And Now I Spill the Family Secrets. By Margaret Kimball. Art by the author. HarperOne, $18.99 (9780063007444).
This pristine and inventive graphic family memoir is the years-in-the-making result of Kimball’s attempt to understand what led to her mother’s long-concealed suicide attempt. (Top of the List Winner—Adult Graphic Novel)
Chasing Me to My Grave: An Artist’s Memoir of the Jim Crow South. By Winfred Rembert and Erin I. Kelly. Bloomsbury, $30 (9781635576597).
In searing prose and dynamic paintings of clarion witness and reckoning, Rembert tells the harrowing story of his life in rural Georgia, where he survived toxic racism, a near-lynching, incarceration, and chain gangs to become an artist of unique vision and power. (Top of the List Winner—Adult Nonfiction)
Ethel Rosenberg: An American Tragedy. By Anne Sebba. St. Martin’s, $27.99 (9781250198631).
Sebba chronicles with unprecedented detail how Ethel Greenglass Rosenberg was fatally betrayed by her family and her country in an appalling miscarriage of justice during the Cold War outbreak of political extremism and rampant lies.
Let’s Make Dumplings! A Comic Book Cookbook. By Hugh Amano and Sarah Becan. Ten Speed, $19.99 (9781984858757).
This comic book cookbook is so successful at making the process of making dumplings approachable—and the dumplings themselves look delectable—that readers will get excited to jump in.
Mooncakes and Milk Bread: Sweet and Savory Recipes Inspired by Chinese Bakeries. By Kristina Cho. Harper Horizon, $29.95 (9780785238997).
After explaining the science of creating tender milk-bread dough, Cho shows the sometimes-intricate steps to transform such dough into an astonishing array of steamed, baked, fried, and stuffed creations.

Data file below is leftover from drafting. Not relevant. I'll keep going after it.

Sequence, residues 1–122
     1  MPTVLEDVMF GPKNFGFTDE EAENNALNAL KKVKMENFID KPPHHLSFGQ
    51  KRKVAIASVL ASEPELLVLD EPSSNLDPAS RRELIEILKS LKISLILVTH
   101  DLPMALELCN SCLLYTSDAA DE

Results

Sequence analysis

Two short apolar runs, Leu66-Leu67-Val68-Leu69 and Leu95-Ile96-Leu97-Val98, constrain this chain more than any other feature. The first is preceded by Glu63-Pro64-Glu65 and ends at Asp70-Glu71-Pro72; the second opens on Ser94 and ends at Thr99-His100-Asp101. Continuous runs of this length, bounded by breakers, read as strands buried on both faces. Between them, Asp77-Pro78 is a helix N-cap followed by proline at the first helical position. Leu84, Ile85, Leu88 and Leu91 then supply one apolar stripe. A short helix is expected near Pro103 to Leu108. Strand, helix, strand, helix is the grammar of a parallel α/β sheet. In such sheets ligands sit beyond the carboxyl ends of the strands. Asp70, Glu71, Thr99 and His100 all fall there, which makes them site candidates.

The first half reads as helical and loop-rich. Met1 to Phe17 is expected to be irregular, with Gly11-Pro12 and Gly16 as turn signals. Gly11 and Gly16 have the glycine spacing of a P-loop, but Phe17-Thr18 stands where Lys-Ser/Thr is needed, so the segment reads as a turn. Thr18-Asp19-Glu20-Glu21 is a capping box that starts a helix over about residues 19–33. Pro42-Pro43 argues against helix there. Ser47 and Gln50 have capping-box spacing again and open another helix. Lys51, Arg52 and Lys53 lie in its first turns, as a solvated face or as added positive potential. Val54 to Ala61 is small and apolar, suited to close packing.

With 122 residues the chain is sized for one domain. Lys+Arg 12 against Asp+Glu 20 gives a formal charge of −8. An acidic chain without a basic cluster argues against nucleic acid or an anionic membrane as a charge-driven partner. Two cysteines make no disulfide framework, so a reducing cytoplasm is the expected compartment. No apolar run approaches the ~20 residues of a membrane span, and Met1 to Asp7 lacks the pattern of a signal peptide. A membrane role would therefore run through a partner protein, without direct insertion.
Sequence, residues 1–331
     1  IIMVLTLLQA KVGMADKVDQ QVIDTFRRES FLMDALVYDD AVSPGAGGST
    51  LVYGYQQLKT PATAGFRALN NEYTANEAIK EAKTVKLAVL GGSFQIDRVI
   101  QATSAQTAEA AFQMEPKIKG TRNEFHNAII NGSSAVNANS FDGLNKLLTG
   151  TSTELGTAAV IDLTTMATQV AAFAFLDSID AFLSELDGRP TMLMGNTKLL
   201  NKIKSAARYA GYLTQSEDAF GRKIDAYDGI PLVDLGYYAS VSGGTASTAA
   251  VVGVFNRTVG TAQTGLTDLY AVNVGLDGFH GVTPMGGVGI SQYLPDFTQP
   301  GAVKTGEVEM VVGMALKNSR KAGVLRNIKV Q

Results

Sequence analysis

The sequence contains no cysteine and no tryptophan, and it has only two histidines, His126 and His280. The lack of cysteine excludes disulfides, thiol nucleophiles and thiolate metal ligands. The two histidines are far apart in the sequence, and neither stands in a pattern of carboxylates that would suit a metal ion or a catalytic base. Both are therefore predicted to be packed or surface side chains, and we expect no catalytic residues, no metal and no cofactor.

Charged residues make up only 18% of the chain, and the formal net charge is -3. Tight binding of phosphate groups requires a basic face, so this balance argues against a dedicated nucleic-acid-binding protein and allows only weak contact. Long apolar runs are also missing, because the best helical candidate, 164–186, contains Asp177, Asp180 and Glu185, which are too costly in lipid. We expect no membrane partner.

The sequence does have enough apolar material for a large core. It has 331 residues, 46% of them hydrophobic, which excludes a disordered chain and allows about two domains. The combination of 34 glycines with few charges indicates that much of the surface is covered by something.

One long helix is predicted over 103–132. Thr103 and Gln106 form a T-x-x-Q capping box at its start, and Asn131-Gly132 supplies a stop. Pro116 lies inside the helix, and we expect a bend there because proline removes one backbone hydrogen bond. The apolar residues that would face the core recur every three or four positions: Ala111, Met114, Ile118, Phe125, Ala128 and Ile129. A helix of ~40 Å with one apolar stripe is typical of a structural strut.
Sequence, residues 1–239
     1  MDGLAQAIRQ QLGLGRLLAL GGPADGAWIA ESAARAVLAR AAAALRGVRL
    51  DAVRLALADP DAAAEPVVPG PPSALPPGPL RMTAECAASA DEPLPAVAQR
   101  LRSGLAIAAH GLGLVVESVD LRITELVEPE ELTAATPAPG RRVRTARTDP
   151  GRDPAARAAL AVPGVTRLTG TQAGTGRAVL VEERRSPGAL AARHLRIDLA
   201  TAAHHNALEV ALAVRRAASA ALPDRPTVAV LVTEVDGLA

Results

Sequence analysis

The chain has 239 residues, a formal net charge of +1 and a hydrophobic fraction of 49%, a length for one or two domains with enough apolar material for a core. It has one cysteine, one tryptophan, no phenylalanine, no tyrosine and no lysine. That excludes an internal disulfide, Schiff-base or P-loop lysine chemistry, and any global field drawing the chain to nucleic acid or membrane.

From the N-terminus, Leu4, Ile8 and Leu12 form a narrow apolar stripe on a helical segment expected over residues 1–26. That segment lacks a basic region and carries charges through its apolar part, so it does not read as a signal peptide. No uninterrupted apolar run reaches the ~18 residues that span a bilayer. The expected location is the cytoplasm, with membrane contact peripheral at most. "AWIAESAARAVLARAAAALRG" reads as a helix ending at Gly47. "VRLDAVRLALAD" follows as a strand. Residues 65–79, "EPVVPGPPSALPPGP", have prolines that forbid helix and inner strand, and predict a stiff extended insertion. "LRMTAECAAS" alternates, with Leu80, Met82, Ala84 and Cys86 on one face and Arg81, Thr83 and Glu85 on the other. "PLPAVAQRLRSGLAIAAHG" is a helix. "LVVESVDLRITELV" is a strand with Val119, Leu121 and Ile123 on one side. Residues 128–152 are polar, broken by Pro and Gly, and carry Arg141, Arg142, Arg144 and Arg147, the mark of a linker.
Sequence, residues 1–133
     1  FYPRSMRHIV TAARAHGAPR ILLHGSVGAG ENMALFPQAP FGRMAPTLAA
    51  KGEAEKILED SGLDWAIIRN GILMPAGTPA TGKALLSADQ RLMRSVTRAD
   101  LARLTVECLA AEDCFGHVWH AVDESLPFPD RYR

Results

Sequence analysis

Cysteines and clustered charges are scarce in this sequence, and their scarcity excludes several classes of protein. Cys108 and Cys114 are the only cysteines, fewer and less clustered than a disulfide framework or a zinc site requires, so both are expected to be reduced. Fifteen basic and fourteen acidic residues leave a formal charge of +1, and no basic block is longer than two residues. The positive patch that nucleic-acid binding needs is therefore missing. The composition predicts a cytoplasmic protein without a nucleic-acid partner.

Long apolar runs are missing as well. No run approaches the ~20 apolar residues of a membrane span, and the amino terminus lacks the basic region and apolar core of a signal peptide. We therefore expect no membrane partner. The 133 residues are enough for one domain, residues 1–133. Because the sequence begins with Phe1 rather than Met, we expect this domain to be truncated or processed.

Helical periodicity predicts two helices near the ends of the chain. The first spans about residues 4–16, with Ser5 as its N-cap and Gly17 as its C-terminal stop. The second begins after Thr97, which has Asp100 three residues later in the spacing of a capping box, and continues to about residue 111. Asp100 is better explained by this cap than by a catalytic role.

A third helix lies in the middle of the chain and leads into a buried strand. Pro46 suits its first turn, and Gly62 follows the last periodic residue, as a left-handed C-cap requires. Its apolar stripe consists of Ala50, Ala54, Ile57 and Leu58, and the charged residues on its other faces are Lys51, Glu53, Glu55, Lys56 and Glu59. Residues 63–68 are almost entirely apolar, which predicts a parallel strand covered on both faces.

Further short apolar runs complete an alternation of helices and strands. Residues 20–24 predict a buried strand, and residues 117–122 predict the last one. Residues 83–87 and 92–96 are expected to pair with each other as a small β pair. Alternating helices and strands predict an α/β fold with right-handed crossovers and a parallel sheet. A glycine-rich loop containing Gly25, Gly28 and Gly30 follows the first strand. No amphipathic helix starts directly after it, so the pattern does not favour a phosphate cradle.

HEALTH & MEDICINE
Between Two Kingdoms: A Memoir of a Life Interrupted. By Suleika Jaouad. Random, $28 (9780399588587).
Award-winning writer and activist Jaouad describes the shock of being diagnosed with acute myeloid leukemia at 22, then gathering her strength to write about her medical struggles to help herself and others.
The Plague Year: America in the Time of COVID. By Lawrence Wright. Knopf, $28 (9780593320723).
In 2020, America was waging war against a lethal virus and itself, Wright observes in this exemplary account of the cataclysmic effects of COVID-19 on society due to tragic missteps and disinformation, failed leadership and rejection of science.
The 1619 Project: A New Origin Story. By Nikole Hannah-Jones. Ed. by The New York Times Magazine. One World, $38 (9780593230572).
Hannah-Jones expands the original version of The 1619 Project published in The New York Times Magazine into a mighty collection of historical photographs, essays, poems, and stories by such writers as Carol Anderson, Claudia Rankine, Jesmyn Ward, and many more.
All That She Carried: The Journey of Ashley’s Sack, a Black Family Keepsake. By Tiya Miles. Random, $28 (9781984854995).
The poignant tale of a family heirloom passed down through generations of Black women, from Rose, an enslaved woman in 1850s South Carolina, who gave it to her daughter Ashley on the eve of her being sold.